LEE, GEORGE (24), Act/Petty Officer, P/JX 145964 b. 10/7/1920, d. 22/11/1944.
MCALINDEN, FRANCIS JOHN (22), Leading Seaman (no. D/JX 154467), b. 1/12/1921, d. 22/11/1944, son of John and Edith McAlinden; husband of Margaret Rose Tabb, married in 1942.
MCCAULEY, THOMAS (39), Petty Officer Stoker (no. P/K 65360), b. 12/12/1905, d. 22/11/1944, son of Peter and Sarah McCauley; husband of Teresa McCauley.
MCKAY, WILLIAM (28), Chief Engine Room Artificer (no. P/MX 58555), b. 1/11/1916, d. 22/11/1944, son of Richard and Elizabeth McKay.
MITCHELL, BRIAN HUGH (20), Able Seaman (no. P/JX 338818), b. 12/12/1923 d. 22/11/1944, son of Frank Leslie and Margaret Findlay Mitchell.
MOORHOUSE, THOMAS (22), Act/Leading Seaman, C/JX 159150, b. 15/4/1922, d. 22/11/1944, husband of Dorothy Cocker, married March 1942
PATRICK, DAVID (21), Act/Engine Room Artificer 4c, C/MX 119629, b. 23/12/1922, d. 22/11/1944, son of David and Isabella Patrick.
PEARCE, LEONARD WALTER (24), Petty Officer Telegraphist (no. P/JX 144239), b. 18/12/1919, d. 22/11/1944, Son of Walter and Phyllis Gray Pearce.
PELLY, CLIFFORD RAYMOND (27), Lieutenant, D S C, b. 1917, d. 22/11/1944, son of Hutcheson Raymond and Kathleen May Pelly.
*PHILLIPS, FRANCIS JOHN JAMES (21), Able Seaman (no. D/JX 420937), b. 12/6/1923, d.31/12/1944, son of Jean Francois and Caroline Mary Philippe.
PICKARD, HARRY (28), Petty Officer (no. P/JX 137672), b. 22/8/1916, d. 22/11/1944, son of Enoch and Edith Pickard.
PRENTICE, CYRIL ERNEST (24), Sub-Lieutenant, b. 1920, d. 22/11/1944, son of Arthur Edwin and Elizabeth Annie Prentice; husband of Sarah Prentice.
PRESTON, BASIL HENRY (21), Leading Stoker (no. P/KX 154564), b. 9/8/1923 d. 22/11/1944, son of Leonard and Emily Preston.
RAYNER, FREDERICK SOMERTON (41), Warrant Engineer, b.7/8/1903, d. 22/11/1944, son of Arthur Edward and Florence Rayner; husband of Florence Catherine Parry, married 1925.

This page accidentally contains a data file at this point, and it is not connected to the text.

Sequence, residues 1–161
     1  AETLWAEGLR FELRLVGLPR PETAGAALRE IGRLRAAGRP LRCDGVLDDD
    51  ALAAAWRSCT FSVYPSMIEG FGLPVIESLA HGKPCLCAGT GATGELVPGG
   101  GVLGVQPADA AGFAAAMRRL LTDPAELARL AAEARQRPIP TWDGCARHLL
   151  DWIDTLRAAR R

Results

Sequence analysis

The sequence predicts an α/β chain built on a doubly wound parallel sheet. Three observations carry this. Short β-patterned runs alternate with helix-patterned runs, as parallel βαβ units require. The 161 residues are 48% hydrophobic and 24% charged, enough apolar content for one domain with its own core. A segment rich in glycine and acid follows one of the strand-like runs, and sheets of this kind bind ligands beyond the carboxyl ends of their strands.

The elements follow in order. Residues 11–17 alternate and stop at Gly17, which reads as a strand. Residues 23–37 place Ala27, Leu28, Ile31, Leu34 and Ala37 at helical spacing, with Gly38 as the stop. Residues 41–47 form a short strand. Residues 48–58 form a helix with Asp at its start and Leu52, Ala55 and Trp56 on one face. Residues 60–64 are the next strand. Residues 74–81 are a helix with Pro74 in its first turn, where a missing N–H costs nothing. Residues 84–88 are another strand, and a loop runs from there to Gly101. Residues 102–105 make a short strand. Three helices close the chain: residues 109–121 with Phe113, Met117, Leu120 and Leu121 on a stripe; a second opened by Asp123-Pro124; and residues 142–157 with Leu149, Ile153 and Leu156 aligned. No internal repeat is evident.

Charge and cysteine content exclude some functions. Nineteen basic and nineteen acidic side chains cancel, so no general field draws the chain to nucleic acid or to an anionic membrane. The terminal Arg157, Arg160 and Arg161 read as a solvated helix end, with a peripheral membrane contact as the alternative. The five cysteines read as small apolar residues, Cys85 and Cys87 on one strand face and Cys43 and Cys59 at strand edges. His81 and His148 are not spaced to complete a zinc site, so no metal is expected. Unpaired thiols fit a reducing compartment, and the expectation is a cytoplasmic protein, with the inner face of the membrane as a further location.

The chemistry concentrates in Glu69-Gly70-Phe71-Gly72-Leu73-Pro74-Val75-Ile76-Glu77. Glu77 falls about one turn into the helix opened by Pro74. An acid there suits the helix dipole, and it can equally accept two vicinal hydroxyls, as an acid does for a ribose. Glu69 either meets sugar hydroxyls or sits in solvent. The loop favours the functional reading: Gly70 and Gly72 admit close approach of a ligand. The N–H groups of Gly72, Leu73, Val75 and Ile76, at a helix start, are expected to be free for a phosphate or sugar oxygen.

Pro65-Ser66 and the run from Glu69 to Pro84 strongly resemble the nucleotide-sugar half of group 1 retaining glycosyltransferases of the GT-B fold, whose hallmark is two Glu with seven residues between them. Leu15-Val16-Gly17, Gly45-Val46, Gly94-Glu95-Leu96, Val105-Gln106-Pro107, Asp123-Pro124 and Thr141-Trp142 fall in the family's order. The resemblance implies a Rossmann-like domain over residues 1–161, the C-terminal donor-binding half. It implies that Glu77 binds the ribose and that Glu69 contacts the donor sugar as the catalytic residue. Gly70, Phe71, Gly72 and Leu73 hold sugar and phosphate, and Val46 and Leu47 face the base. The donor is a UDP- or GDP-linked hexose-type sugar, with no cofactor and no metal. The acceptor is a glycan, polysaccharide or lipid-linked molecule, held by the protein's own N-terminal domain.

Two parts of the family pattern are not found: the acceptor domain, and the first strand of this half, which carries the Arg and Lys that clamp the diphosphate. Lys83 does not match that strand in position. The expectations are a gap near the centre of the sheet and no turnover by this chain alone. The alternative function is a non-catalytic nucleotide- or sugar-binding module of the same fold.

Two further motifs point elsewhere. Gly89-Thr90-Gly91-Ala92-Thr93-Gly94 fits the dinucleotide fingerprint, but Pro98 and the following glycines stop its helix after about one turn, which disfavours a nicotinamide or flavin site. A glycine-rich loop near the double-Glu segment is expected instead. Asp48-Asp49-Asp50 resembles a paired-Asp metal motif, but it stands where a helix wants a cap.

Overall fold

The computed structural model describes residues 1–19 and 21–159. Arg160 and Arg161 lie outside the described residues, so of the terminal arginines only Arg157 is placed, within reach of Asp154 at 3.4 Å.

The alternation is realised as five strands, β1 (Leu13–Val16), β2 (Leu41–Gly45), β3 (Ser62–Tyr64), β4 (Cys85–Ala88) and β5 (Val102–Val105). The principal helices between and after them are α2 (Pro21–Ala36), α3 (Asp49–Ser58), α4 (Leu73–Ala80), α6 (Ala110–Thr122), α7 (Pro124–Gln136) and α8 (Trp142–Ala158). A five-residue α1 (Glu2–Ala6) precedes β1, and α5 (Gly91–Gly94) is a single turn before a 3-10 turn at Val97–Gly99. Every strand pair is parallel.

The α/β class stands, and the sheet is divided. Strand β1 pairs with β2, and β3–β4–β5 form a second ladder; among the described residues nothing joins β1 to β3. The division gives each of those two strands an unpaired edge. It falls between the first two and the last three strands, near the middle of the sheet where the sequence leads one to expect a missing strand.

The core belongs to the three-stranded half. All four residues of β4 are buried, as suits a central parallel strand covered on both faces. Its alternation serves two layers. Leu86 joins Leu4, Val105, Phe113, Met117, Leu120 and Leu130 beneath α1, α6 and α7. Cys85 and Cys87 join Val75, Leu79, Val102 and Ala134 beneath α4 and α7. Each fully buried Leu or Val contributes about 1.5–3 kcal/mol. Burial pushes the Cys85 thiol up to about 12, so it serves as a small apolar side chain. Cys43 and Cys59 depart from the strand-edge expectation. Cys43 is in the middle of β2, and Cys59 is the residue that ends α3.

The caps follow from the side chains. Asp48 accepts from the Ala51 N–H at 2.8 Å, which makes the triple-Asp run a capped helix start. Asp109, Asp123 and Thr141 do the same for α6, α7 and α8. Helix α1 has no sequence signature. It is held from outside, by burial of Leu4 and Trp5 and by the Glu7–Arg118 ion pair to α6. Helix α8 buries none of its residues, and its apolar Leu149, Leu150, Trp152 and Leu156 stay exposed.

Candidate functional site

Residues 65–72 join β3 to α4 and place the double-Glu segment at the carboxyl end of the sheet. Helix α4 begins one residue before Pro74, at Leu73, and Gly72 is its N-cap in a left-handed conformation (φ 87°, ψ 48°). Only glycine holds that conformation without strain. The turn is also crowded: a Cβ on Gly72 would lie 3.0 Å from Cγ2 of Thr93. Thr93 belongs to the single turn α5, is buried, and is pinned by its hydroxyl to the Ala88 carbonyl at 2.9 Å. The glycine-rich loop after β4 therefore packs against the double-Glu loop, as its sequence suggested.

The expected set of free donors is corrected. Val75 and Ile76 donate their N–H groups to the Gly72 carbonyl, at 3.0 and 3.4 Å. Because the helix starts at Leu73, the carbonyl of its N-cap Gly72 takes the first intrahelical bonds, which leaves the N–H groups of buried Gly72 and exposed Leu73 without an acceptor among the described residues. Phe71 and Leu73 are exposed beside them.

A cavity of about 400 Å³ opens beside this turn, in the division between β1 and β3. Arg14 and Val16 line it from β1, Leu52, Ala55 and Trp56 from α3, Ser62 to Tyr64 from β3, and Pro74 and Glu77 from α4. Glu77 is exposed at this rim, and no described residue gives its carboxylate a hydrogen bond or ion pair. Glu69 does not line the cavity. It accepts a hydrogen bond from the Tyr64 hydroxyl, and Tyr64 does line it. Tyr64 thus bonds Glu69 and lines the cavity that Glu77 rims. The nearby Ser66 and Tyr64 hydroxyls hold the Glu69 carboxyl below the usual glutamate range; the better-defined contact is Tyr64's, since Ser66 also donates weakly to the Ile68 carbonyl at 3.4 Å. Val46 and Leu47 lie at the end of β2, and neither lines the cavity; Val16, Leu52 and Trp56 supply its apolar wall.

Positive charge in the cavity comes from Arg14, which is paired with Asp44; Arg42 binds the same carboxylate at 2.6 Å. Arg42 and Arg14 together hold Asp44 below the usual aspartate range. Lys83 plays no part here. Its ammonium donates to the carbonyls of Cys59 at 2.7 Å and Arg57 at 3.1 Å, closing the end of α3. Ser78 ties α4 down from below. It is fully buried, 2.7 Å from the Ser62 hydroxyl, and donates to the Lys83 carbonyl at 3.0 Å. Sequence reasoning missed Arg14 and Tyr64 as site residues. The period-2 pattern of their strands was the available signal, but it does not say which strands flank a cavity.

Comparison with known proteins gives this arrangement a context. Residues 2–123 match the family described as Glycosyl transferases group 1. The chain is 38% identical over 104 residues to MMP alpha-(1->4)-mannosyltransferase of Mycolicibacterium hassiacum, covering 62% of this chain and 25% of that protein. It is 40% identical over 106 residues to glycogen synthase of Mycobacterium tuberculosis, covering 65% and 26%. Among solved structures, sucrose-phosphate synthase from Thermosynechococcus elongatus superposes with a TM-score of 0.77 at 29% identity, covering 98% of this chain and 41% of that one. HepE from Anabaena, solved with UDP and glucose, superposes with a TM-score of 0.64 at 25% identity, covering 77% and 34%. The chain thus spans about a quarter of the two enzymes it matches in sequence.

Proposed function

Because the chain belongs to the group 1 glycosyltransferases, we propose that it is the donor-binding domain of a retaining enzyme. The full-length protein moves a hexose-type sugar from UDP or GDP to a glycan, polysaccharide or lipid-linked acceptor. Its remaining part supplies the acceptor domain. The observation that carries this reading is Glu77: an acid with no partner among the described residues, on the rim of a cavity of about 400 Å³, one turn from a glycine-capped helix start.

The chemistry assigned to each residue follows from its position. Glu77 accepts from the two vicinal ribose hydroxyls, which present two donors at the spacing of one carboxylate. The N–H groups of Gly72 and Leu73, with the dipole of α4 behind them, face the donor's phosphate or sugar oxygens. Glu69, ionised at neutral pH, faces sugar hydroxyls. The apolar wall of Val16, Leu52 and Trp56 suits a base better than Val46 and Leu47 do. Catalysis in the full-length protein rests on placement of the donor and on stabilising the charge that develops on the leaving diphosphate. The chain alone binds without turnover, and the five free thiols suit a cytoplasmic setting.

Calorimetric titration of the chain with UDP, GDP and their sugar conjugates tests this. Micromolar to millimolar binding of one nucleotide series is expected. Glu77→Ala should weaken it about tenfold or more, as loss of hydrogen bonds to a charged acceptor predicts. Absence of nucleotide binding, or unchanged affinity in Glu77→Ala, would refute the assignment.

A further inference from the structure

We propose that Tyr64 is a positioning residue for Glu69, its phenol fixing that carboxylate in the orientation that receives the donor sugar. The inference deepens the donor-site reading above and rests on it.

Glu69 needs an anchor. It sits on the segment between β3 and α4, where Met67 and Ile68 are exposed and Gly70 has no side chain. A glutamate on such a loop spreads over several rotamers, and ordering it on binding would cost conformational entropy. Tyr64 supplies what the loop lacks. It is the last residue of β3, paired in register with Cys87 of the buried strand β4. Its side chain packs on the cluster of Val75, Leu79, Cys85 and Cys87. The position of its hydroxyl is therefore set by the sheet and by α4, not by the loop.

RICHARDSON, JOHN (25), Able Seaman (no. P/JX 146168), b. 27/3/1919, d. 22/11/1944, son of Thomas W. and Annie S. Richardson.
*RITCHENS, STANLEY HERBERT (24), Able Seaman (no. D/JX 148278), b. 13/7/ 1920, d. 31/12/1944.
SNELL, NORMAN ERNEST (23), Engine Room Artificer 3rd Class (no. P/MX 55037), b. 25/8/1921, d. 22/11/1944.
STANWAY, FREDERICK WILLIAM (21), Able Seaman (no. D/JX 368447), b. 23/2/1923, d. 22/11/1944, son of Sarah Stanway.
THOMAS, HAROLD POWYS (25), Leading Signalman (no. D/JX 176017), b. 25/7/1919, d. 22/11/1944, son of David R. and Dorothy Thomas.
THOMPSON, LESLIE WILLIAM (21), Able Seaman (no. C/JX 392378), b. 5/10/1923, d. 22/11/1944, son of Francis Henry and Gertrude Ethel Thompson.
THORPE, ALFRED GEORGE (20), Stoker 1st Class (no. C/KX 143697), b. 14/6/1924, d. 22/11/1944, son of George Alfred and Sarah Augusta Thorpe.
WATSON, JAMES (23), Stoker 1st Class (no. P/KX 110375), b. 12/12/1920 d. 22/11/1944, son of John and Mary Dick Watson.
WEATHERHEAD, ROBERT GILBERT (26), Leading Cook (S) (no. D/MX 65040), Mentioned in Despatches, b. 11/4/1918, d. 22/11/1944, son of Harry and Eva Weatherhead.
*WEBB, PETER JACK (21), Able Seaman (no. P/JX 382419), b. 26/11/1923, d. 31/12/1944, son of Charles James Webb and Florence Bertha Webb.
WELSHMAN, MAURICE WAITES (30), Act/Chief Petty Officer, C/JX 149286, b. 28/11/1913, d. 22/11/1944, husband of Marjorie Grace Bagguley, married 1943
*WESTWOOD, ARTHUR LEONARD (24), Able Seaman (no. P/JX 220335), b. 20/10/1920, d. 31/12/1944, husband of Marjorie Hamilton, married December 1941.
WILLIAMS, ROBERT GORDON (23), Engine Room Artificer 4th Class (no. P/MX 503451), b. 5/6/1921 d. 22/11/1944, son of William Thomas Williams and Mabel Williams.
WINTERBOTTOM, FRANCIS WILLIAM LESLIE (24), Lieutenant, H.M. Submarine Stratagem, b.22/11/1920, d. 22/11/1944, son of Leslie and Caroline Elizabeth Winterbottom
WOOLLEY, JOHN EDWARD (24), Leading Telegraphist (no. P/JX 258173), b. 25/9/1920, d. 22/11/1944, son of Eric and Mary Ellen Woolley; husband of Molly Woolley, married September 1943.